Getty Images blocks AI-generated content amid copyright concerns

The company said it made the decision due to “open questions” about the copyright of the AI-generated images, although the ban could be difficult to enforce.

Getty Images has issued a ban on uploading and selling images generated by artificial intelligence on its platform.

The image repository shared a note to contributors saying that images from text-to-image generators such as Stable Diffusion, Midjourney, and OpenAI’s own DALL-E will not be allowed on the site.

The note he saw betapixel He said there are “open questions” surrounding the copyright of AI-generated images, along with uncertainty surrounding the data on which AI models are trained.

“These changes do not prevent rendering of 3D renderings and do not affect the use of digital editing tools in relation to image editing and creation,” Getty Images said.

Getty Images CEO Craig Peters said: the edge That decision came from a combination of the company’s legal concerns and a desire to protect its customers.

“There are real copyright concerns about the output of these models and rights issues that have not been addressed with respect to the images, the image metadata, and the individuals in the images,” Peters said.

Enforcing the ban, however, can be tricky, with Peters telling The Verge that the company will rely on users to identify and report AI-generated images. Getty Images is also working on new filters to keep these images off-site.

The rise of artificial intelligence art

AI-generated images are becoming more popular this year with new text-to-image models available. These models provide new possibilities for users – including using their generations for commercial purposes.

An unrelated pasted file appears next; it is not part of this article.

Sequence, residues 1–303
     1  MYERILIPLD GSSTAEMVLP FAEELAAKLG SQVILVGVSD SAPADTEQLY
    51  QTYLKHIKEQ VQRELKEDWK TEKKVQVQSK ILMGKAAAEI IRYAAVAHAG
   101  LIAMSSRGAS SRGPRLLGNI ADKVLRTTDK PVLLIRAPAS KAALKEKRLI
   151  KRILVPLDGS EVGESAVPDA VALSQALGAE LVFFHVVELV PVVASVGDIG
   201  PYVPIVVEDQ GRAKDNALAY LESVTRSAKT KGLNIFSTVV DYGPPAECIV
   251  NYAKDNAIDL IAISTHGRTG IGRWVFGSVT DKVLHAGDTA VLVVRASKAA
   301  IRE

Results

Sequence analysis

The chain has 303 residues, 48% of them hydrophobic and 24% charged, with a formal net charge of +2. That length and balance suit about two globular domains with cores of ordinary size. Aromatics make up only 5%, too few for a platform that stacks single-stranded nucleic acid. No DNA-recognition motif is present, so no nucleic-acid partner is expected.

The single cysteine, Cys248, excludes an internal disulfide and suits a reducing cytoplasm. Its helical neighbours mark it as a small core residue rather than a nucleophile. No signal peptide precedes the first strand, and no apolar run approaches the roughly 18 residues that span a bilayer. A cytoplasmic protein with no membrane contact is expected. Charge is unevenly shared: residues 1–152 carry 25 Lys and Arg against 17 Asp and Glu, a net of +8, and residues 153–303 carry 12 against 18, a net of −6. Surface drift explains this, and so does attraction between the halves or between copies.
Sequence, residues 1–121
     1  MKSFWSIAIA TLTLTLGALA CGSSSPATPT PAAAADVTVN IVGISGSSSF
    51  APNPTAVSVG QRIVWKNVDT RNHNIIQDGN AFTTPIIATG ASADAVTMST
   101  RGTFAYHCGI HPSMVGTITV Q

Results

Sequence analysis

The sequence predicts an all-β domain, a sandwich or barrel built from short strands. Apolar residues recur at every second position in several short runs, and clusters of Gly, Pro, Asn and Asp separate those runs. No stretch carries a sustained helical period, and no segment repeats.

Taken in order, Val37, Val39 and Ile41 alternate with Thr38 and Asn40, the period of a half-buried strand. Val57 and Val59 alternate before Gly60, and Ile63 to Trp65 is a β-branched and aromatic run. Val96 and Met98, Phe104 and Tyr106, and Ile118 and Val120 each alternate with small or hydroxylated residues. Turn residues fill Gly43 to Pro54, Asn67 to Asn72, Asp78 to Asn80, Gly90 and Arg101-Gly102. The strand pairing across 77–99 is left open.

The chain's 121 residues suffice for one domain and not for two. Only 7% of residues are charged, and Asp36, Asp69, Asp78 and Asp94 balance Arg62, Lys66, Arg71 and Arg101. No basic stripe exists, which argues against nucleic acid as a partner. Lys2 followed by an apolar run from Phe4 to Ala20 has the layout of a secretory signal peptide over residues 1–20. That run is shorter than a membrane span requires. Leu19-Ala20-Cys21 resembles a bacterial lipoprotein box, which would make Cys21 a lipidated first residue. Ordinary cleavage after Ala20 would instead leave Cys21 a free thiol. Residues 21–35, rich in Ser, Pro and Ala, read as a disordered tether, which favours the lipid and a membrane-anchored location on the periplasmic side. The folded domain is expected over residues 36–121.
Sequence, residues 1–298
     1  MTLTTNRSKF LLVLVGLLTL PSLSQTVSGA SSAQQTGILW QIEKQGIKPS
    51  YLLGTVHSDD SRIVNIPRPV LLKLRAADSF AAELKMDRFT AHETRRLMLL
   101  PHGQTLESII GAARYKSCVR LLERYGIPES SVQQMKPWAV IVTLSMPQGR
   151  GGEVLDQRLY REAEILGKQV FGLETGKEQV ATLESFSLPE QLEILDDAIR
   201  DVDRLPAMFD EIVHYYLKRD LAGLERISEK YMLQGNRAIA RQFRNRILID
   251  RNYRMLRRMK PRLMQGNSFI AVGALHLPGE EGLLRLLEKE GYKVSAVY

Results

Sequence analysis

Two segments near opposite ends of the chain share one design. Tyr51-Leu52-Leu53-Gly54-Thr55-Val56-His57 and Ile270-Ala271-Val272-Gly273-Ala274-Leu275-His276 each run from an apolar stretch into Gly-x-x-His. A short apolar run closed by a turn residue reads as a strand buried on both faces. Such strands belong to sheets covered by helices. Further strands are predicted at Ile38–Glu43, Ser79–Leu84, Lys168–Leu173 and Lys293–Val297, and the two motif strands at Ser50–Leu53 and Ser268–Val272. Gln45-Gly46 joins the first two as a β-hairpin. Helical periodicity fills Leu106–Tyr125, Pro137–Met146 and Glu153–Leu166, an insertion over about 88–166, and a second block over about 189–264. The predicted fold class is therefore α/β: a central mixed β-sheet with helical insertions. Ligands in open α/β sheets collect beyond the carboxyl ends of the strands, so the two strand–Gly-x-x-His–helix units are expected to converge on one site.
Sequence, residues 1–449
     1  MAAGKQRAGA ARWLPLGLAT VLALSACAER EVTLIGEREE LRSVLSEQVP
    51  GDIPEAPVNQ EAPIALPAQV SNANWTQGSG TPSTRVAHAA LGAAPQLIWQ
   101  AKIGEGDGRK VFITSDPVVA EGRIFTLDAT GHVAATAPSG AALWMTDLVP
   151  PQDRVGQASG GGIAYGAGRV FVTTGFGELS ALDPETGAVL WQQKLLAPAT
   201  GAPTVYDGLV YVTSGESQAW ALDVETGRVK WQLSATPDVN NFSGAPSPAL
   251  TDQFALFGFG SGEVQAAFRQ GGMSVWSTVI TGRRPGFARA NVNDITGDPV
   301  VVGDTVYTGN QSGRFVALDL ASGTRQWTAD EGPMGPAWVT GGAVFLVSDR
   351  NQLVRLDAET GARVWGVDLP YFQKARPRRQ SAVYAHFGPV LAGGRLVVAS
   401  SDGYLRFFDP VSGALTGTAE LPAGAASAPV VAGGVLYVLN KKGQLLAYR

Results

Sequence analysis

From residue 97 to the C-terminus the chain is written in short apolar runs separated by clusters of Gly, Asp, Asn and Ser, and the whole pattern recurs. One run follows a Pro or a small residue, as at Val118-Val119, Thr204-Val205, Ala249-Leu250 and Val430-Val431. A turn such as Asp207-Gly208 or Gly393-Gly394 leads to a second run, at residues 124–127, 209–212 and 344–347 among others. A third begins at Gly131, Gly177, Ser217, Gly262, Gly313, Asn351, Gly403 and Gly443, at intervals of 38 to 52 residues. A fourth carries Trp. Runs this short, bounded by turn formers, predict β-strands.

But legal questions have been raised, such as who really owns the images and whether they could infringe existing copyrighted works.

JumpStory co-founder Jonathan Low told SiliconRepublic.com that there is a A growing ‘legal minefield’ About the use of images generated by artificial intelligence for commercial purposes. He also said that the legal risk may lie with the end user if their commercially used image enters into a copyright dispute.

“Although Open-AI, Midjourney, and others claim that their photos can be used commercially, their terms and conditions still state that they do not offer you any type of financial aid insurance if you run into a legal problem,” Løw said. “So at the end of the day, you are taking all risk as a user.”

Some online art communities also have raised issues With the ethics of images generated by artificial intelligence and began to ban them from their sites.

Polish digital artist Greg Rutkowski recently claimed Many of his landscape illustrations are being used by Stable Diffusion AI to create new images based on his work.

And the The artwork created by artificial intelligence has sparked controversy Last month after she won an award in a fine art competition at the Colorado State Fair. The winning image was created using AI to convert text to image in Midjourney, and some criticized the creator for what they saw as a blatant disregard for artistic practices.

10 things you need to know straight to your inbox every day of the week. Sign up for daily summarySilicon Republic summary of basic science and technology news.